What is a “whole” grain?  A whole grain retains all three nutrient-dense parts of the grain: bran, germ and endosperm. Refining a grain, as in the production of white flour or rice, removes the bran and germ, leaving only the endosperm. This manufacturing process results in 25 percent less protein, 50 percent less B vitamins, 90 percent less vitamin E, and a loss of essentially all of the digestive fiber. Although some nutrients may be added back through fortification, other healthy components of whole grains such as phytochemicals cannot be replaced.

The parts of the grain:

  • Bran is the outermost layer of the seed that contains the majority of the fiber, phytochemicals, B vitamins (niacin, thiamin and riboflavin) and 50 to 80 percent of minerals including iron, copper, zinc, phosphorus, magnesium and selenium.
  • Endosperm is the middle layer, which is the largest part of the seed and is also called the kernel. It contains most of the protein and carbohydrates, and small amounts of some B vitamins and minerals.
  • Germ is the inner component containing healthy fats, fiber, vitamin E and some protein. It is also a concentrated source of phytochemicals, phytosterols, antioxidants, B vitamins and minerals.

Why do we need all the parts of the grain?

  • Fiber regulates blood sugar, lowers cholesterol and moves waste through the digestive tract. Fiber may also help prevent the formation of small blood clots that can trigger heart attacks or strokes.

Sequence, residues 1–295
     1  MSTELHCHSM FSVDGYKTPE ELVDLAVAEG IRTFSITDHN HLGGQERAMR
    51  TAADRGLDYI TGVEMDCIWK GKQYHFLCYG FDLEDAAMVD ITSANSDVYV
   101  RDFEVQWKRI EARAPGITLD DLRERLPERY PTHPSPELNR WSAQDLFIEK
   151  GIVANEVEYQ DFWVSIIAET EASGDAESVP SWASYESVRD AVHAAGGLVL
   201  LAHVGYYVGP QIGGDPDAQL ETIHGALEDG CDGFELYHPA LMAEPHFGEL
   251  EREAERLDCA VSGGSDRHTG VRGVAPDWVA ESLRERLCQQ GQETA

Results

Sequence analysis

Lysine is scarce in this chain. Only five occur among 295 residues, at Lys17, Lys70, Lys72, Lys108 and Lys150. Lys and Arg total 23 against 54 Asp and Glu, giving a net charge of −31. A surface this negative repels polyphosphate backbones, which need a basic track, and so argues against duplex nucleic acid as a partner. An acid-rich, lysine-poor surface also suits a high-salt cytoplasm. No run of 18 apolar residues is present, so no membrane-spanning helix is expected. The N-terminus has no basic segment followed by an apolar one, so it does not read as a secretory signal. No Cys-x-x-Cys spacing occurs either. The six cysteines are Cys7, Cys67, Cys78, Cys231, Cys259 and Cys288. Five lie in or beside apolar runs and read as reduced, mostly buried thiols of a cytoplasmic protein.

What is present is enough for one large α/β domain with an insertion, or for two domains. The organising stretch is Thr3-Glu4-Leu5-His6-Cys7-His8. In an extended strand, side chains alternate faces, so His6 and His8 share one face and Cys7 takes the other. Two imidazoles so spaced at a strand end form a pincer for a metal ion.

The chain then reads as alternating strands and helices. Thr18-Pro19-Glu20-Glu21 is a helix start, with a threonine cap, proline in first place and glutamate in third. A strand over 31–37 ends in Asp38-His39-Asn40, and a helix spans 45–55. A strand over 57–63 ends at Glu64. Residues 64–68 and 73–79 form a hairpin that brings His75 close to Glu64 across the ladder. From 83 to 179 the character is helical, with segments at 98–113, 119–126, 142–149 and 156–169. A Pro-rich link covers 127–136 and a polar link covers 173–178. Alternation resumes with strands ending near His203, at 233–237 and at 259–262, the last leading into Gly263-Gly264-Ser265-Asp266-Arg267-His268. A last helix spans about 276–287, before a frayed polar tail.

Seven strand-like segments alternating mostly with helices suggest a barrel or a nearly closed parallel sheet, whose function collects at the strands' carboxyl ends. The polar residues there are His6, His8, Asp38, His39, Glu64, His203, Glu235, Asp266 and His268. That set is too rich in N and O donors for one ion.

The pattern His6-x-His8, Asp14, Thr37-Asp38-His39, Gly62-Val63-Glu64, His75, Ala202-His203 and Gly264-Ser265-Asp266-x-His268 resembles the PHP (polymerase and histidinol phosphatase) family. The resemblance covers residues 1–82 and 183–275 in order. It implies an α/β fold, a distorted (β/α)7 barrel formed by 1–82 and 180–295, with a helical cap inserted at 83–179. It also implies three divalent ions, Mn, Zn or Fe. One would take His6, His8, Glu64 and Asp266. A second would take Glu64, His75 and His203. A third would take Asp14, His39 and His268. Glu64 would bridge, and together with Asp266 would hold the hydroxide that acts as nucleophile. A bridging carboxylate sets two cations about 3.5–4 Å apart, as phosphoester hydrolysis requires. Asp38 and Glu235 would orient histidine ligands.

• Phytochemicals, antioxidants and minerals such as magnesium, selenium and copper found in whole grains may protect against some cancers.
  • Phytosterols lower cholesterol.

What is a “grain”?  Grains are the harvested seeds of grasses including wheat, oats, rice, barley, rye, corn, wild rice, teff, millet, amaranth, buckwheat, triticale and sorghum. Grains are also referred to as cereals and are the staple food for billions of people around the globe. People obtain almost half of their calories from grains. Worldwide, rice, corn and wheat are the most common grains.

Grainy truths:

  • Buckwheat is related to rhubarb and sorrel; and is not wheat. Buckwheat is a complete protein.
  • Japanese soba noodles are traditionally made with buckwheat but may also contain refined wheat.
  • Kasha refers to roasted buckwheat, also called buckwheat groats.
  • Due to thousands of years of hybridization, there are more varieties of wheat than any other crop. There are strains with two sets of chromosomes (diploid), four sets of chromosomes (tetraploid) with the common name of durum or pasta wheat, and six sets of chromosomes (hexaploid) with the common name of bread wheat.
  • In the U.S. there are six classifications of wheat: Hard Red Winter (HRW), Hard Red Spring (HRS), Hard White (HW), Durum, Soft White (SW), and Soft Red Winter (SRW). Each class of wheat has different end use functions. For example soft white is used to make cookies, cakes and pastries.
  • Wheat encompasses spelt, emmer, Kamut®, farro, graham, semolina, freekeh, bulgur, farro and durum.
  • Durum is the hardest class of wheat and is used to make pasta, couscous and certain Mediterranean breads. It is high in protein and gluten. When milled, the endosperm is ground into a granular product called semolina. Semolina is traditionally used for pasta making.